I have been involved with FIRST LEGO league for over ten years. Lately it has been as a judge at the local and state level. Last weekend and this weekend were the local tournaments that qualify teams to move to the state tournament. It was a long day of interacting with teams. As a technical judge, I grill the teams on programming, mechanical, and strategy for the robot they built to solve the year’s missions.

It was great fun to see the teams this year. Unfortunately I am pretty sure that my fear regarding programming has become real. A few years ago, LEGO stopped providing a software language that allowed a team to get deeply involved in programming. The NXT-G language they came out with hid many details and dumbedĀ  down the interface. A simple icon now does what 20 used to do. As a result, the kids have little incentive to learn advanced skills. The programs I saw today were pathetic compared to what was being produced by teams 5 years ago. It was a sad day.

This entry was posted in FIRST LEGO League, Personal. Bookmark the permalink.

2 Responses to FIRST LEGO League

  1. Johnwiz says:

    I have arrived at your blog via a convoluted path- but I’ll cut to the chase. I am developing a musical toy and I need a sound unit that can produce 9 notes (one octave in the key of G). The notes are triggered by closing 9 individual circuits. The tones would be output to a small speaker. The unit needs to fit into a 2.5″ x 1.25″ x 0.5″ space. Based on your post at Sparkfun, you seem to be have some background in both electronics and music. If you are able to assist or provide a referral, I would greatly appreciate any input. Note that I am a mechanical engineer, so chasing electrons is not my thing. I did find this article that seemed relevant.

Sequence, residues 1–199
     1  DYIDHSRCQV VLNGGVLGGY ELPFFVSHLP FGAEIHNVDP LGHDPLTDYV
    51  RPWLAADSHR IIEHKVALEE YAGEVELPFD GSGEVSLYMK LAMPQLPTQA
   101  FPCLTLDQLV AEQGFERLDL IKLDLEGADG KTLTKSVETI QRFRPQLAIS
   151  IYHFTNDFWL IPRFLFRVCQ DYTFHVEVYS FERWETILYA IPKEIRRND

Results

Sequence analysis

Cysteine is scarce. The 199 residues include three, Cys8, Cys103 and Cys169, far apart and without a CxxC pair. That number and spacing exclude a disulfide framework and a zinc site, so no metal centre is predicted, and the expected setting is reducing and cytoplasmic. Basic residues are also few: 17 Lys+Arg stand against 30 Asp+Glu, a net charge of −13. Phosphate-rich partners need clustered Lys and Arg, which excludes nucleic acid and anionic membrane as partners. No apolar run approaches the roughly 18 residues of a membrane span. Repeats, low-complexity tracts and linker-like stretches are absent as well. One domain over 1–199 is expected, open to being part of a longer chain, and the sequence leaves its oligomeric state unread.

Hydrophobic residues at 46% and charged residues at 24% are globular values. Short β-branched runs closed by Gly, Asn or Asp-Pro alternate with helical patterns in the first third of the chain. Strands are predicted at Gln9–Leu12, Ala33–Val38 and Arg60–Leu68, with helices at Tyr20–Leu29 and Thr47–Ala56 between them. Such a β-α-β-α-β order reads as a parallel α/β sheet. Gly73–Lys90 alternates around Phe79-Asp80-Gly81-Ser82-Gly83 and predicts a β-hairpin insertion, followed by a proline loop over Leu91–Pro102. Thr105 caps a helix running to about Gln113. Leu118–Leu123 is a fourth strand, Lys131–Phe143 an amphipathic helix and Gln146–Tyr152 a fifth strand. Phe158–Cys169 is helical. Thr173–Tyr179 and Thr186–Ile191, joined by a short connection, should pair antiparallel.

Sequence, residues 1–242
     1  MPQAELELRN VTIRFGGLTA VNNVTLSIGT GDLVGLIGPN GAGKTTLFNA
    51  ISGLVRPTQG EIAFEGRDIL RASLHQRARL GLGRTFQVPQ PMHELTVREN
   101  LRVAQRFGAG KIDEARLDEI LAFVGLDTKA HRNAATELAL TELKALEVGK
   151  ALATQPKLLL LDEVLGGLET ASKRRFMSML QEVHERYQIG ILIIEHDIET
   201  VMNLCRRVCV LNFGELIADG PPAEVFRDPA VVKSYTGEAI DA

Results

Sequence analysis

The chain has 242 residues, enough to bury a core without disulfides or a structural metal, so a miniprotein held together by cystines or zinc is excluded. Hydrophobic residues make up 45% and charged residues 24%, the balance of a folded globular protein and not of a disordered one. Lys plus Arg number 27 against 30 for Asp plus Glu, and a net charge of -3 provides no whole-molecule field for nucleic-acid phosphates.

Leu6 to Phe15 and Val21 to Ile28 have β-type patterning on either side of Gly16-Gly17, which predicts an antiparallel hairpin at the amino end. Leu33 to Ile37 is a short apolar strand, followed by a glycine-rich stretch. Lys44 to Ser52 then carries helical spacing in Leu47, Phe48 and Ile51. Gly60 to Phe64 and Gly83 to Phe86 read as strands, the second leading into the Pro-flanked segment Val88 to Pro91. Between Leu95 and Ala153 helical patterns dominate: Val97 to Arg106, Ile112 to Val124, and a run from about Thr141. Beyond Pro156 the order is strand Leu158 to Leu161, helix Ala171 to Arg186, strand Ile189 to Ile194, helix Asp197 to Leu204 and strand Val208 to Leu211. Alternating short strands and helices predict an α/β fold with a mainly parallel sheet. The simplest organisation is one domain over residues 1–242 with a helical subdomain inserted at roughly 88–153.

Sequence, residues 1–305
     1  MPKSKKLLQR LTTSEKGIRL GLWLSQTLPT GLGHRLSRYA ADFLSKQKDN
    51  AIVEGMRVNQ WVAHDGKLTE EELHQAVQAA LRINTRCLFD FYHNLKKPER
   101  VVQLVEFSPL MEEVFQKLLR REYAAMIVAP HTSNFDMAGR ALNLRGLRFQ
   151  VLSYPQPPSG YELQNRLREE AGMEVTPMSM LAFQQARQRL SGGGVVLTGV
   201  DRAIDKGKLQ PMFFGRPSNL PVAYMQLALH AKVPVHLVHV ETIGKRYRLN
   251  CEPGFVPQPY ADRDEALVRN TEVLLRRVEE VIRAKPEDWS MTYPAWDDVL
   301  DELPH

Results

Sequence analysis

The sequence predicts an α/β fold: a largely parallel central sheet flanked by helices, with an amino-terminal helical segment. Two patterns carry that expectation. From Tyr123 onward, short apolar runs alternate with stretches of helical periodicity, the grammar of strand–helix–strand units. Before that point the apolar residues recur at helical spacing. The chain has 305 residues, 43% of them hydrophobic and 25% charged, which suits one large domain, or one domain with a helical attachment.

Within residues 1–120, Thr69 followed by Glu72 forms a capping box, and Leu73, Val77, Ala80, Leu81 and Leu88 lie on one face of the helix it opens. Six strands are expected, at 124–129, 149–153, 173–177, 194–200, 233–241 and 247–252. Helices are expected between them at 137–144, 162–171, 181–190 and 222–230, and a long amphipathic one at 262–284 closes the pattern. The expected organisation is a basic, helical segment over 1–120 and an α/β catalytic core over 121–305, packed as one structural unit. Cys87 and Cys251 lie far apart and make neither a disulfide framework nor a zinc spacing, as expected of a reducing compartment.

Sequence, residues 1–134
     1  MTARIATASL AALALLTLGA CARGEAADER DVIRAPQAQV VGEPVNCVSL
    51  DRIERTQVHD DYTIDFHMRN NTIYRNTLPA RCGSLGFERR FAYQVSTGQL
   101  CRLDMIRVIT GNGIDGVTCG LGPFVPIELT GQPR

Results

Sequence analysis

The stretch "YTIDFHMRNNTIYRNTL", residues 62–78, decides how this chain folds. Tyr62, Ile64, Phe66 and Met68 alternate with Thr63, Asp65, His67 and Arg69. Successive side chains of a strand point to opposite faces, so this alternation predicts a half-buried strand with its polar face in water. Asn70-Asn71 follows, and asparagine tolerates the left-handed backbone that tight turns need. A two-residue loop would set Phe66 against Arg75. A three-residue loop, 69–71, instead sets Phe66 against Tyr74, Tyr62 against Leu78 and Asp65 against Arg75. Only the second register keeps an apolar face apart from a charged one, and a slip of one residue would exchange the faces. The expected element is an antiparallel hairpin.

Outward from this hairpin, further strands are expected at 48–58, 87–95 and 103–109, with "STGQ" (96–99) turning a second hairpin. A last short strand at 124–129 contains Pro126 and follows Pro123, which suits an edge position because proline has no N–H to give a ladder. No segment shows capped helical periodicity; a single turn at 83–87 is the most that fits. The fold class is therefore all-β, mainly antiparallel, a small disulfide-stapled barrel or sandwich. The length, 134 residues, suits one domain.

The Lego League sounds very fun. Enjoy your Holidays! John

  2. Skye Sweeney says:

    We all can’t be perfect, some us have to be mechanicals! (Actually my degrees are in ME and AE).

    Your music solution would depend on the fidelity of the music. Do you need a piano, oboe, sax, tuba, or would a pure tone note be adequate?

    If a pure tone is adequate, you can likely make due with a simple micro controller like the PIC, MSP430, or a dozen other small devices. If you need a real sounding instrument, then you have two choices. A device that records and plays back a tone, or a synthesizer.

    Your problem space is pretty large. You also need to define battery requirements such as type, number, and duration. You also need to know the fidelity as mentioned above and your unit price cost.

Comments are closed.